LOS ANGELES (KABC) -- For most homeowners in the U.S., it will take roughly eight years to break even on a solar power investment.
That initial investment cost keeps many low-income families out of the renewable energy market, families that could really use the savings that come from solar power.
"To a working class family, stretching that dollar that they might have been paying for an electric bill, that can go towards savings for retirement, a better car, just a tank of gas, college tuition ... whatever working class families need," said Danny Hom, the external affairs manager at GRID Alternatives.
GRID Alternatives is a nonprofit working to provide economic and environmental justice through renewable energy, installing solar electric systems for qualifying families at no cost to the homeowner.
"We want to fortify this community so that people living here can live their best and healthiest lives, and we want to put something directly in their custody and in their pocketbooks," he said.
One of the hardest parts of getting solar panels on more qualified homes is getting the customer to believe that installation, panels, maintenance is all actually free.
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"We're not here to try and force people to sign up, but we believe if we're able to empower them with the correct information they're going to sign up themselves," said Nick Boateng of GRID Alternatives.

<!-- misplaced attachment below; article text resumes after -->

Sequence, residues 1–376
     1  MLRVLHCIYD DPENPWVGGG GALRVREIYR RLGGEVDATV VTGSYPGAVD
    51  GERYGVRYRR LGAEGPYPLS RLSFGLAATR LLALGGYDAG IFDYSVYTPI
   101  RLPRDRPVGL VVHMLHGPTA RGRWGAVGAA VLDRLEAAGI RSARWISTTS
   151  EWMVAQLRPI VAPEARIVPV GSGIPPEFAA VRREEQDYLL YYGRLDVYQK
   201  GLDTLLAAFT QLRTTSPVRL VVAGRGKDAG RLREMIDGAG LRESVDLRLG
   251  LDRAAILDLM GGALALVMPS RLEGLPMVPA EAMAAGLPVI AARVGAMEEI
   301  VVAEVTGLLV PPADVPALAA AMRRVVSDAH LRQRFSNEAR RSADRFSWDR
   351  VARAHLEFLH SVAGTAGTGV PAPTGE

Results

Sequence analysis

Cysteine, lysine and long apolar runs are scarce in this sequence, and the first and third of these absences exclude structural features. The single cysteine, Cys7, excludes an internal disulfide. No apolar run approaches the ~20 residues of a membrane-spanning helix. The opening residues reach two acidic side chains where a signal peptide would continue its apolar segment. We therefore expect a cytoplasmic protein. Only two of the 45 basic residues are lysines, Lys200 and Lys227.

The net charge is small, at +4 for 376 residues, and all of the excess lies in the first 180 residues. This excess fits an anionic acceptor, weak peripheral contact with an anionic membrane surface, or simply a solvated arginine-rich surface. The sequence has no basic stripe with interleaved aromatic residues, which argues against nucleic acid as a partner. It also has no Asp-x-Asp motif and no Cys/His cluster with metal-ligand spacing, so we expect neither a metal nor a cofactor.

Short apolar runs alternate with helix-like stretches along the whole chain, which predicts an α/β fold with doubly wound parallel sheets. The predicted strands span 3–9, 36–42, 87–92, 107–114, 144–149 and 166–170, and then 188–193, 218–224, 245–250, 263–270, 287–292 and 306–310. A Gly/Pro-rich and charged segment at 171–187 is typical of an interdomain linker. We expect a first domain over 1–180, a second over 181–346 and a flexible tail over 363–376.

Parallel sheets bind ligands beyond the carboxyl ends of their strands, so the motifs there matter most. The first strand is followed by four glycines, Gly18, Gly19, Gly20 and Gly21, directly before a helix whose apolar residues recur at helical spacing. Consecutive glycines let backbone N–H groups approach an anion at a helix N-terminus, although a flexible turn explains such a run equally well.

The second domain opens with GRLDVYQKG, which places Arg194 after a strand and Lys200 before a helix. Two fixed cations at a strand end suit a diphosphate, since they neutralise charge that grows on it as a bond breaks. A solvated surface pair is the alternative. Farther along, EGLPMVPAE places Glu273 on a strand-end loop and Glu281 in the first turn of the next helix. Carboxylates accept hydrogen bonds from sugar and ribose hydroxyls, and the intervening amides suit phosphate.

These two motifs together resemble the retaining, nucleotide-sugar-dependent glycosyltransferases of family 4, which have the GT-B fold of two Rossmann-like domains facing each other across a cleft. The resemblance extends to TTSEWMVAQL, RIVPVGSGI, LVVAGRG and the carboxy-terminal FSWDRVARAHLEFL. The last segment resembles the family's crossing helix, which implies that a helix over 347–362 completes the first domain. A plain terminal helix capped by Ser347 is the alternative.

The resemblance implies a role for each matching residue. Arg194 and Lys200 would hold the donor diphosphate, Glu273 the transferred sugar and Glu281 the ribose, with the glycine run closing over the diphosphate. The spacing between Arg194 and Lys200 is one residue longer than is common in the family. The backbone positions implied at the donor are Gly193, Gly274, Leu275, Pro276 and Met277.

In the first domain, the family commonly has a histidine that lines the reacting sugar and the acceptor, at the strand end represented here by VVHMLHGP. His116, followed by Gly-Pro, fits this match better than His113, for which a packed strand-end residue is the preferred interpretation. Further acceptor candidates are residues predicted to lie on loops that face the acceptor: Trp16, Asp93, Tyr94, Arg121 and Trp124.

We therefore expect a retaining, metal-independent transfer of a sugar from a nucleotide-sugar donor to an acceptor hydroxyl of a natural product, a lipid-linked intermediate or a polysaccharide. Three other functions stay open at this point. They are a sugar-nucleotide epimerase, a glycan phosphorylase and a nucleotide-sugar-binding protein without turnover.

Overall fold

Maria Madrigal is one of the first customers in the Pacoima/Sun Valley area to take advantage of the state-funded program.
"The reduction on the bill has been amazing," she said.
By taking advantage of the GRID program, Madrigal lowered her energy bill from more than $700 to an almost embarrassingly low amount.
"My electricity bill? It was $14," she said with a laugh.
Having helped more than 2,000 low-income families in Los Angeles, Orange and Ventura counties, GRID is still trying to get the word out to residents who might qualify for a program that can be part of the solution for the environment, all while helping families do more than survive.
"It shouldn't have to be, 'Should I turn on my air conditioning so I can stay cool?'" said Ashley Christy, GRID's executive director of great L.A. "It shouldn't be, 'How am I going to put food on my table because I'm paying all these high bills?' We should have solutions that help people stay in their homes and help move towards the future."
If you would like to see if you qualify, visit https://www.gridsolar.org.